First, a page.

We’re into mass production of capabilities or worse learning objectives. What we’re seeing emerging now in Australian universities is a two-tier system. There’s a mass production degree, where the student is doing a degree because that’s what they’ve been told to do, and they’re not really committed to knowledge or wisdom and the university is chasing money through. Then there are the more elite programs, particularly at a postgraduate level that are much more intellectually demanding and also much closer to what we would think of as wisdom as belonging in a university. Yet both versions of the degree are in the same faculty and same discipline. It’s an admission of failure really.
I’m kind of concerned about where we’re going and the automatic assumption that what we need to do is further technologise learning. I’m not against technology, but technology is just an enabler. The bottom line is, if you’re really committed to knowledge and learning and if you’re really committed to translating learning into a way of living, including a way of working, then it includes tacit knowledge, and tacit knowledge includes and is irreducible from a learning and teaching experience that involves direct human contact, eyeball-to-eyeball. Seen from a wisdom perspective, there is an intimacy to the learning process that industrialised teaching can’t do.
We have to get out of this snobbish mode where we look down on the notion of an apprenticeship or mentoring. If we want wise leaders and wise CEOs and wise politicians then we actually have to revisit that notion.
I admit this is difficult in a mass education system, but we shouldn’t use that as an automatic excuse. There should be no excuses for why a university is not pursuing intellectual and social excellence. There are no excuses, that’s why we’re here. We might fail in pursuing excellence on some occasions for all sorts of practical reasons, limited resources, the limited leadership capacity, weak strategic management, but we should have a shot at it, every time, without fail. That’s our job, the university is the natural home of wisdom development.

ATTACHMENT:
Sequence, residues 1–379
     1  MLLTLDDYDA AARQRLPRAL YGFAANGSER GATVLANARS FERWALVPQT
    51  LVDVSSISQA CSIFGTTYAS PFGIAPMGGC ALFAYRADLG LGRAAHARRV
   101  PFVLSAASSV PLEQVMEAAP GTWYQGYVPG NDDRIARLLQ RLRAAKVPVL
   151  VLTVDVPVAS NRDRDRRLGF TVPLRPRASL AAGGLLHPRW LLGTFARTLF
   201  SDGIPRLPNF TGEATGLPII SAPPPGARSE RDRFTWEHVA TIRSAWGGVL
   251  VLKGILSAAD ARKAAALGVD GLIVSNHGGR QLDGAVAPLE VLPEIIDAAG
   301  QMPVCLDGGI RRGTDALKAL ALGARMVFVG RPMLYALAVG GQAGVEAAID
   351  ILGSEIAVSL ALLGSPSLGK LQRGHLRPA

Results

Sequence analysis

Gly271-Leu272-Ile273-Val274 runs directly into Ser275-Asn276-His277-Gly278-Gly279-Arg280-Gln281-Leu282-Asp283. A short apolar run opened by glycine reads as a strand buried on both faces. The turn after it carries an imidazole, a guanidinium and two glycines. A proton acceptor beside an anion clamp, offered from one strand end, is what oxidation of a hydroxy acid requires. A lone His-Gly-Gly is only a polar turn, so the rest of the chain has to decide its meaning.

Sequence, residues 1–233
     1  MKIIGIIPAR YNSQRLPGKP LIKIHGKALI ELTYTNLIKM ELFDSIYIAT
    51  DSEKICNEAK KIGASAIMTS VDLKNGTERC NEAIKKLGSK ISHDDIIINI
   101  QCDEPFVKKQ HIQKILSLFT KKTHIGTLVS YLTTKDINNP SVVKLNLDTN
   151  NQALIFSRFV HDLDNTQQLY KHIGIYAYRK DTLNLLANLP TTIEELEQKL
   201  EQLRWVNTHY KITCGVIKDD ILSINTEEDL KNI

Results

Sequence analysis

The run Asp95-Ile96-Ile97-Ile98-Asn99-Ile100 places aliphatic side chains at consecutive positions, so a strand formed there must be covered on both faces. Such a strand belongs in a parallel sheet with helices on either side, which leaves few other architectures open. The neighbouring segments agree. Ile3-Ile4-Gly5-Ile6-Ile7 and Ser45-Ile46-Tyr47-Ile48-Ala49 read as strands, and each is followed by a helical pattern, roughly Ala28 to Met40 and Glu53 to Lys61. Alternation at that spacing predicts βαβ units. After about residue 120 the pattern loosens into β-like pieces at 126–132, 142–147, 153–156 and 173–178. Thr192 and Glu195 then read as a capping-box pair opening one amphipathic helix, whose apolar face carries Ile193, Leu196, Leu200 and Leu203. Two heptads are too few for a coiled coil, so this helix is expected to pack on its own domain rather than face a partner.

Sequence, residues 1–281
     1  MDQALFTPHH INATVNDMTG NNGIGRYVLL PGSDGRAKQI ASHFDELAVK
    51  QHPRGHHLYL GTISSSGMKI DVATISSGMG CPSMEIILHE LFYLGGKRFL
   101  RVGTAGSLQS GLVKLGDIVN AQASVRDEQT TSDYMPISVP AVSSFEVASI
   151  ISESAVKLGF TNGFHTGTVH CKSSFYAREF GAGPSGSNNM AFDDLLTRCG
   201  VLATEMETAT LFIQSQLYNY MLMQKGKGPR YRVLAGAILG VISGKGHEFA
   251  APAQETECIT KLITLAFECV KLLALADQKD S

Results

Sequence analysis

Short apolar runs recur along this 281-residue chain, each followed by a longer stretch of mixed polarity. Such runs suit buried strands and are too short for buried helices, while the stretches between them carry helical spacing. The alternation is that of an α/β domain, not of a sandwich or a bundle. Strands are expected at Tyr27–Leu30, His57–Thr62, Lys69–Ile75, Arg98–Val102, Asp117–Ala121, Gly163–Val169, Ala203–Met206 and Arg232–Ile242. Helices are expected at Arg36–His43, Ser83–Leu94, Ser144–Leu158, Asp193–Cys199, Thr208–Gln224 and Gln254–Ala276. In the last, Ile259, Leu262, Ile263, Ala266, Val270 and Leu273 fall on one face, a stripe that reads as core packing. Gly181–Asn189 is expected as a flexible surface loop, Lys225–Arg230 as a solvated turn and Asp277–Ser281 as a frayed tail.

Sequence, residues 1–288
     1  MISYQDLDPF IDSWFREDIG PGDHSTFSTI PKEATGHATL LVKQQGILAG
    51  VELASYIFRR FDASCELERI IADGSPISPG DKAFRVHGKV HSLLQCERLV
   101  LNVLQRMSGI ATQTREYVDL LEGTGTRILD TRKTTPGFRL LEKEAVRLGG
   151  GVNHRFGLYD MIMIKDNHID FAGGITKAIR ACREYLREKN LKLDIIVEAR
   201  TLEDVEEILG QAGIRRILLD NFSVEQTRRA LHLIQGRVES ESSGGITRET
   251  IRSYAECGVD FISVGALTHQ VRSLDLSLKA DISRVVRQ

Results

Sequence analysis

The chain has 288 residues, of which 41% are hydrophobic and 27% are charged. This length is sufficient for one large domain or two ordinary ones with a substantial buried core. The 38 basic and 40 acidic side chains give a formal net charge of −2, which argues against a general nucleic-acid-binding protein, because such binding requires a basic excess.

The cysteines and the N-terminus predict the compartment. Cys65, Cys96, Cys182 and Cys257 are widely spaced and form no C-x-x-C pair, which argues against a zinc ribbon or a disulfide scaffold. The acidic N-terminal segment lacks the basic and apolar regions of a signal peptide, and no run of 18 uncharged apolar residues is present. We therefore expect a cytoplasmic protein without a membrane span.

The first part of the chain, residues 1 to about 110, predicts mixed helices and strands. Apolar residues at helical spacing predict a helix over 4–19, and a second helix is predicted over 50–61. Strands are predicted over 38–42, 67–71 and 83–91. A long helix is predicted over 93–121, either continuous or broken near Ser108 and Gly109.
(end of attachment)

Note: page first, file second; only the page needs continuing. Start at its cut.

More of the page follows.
If we just go down the road of producing quick or easy degrees, I can think of three or four global consulting firms who could do that in half the time and for half the price. But we’re a university, we’re actually about excellence and we’re actually about committing to a set of intellectual values that are located within excellence and that’s what should guide us.
If I ask myself the question, given what we do and how we do it, does the world really need us? Every year I get closer and closer to saying no it doesn’t, because if all we’re doing is producing a standardised commodity, which universities are actually poorly designed to do we become irrelevant. We need the kind of intellectual leadership in the universities that understands this problem and who have the wisdom to say that despite all the constraints we think we can get us back on the track again, towards excellence, and towards reinstating ourselves as the natural home of wisdom development.
Well I’m committed to saying provocative things, and it’s actually my job, and we need more academics to say provocative things, including provocative things about their own universities. Wisdom is in very short supply at the moment and universities need to do all they can to remedy this because no other institution is designed to do it for us.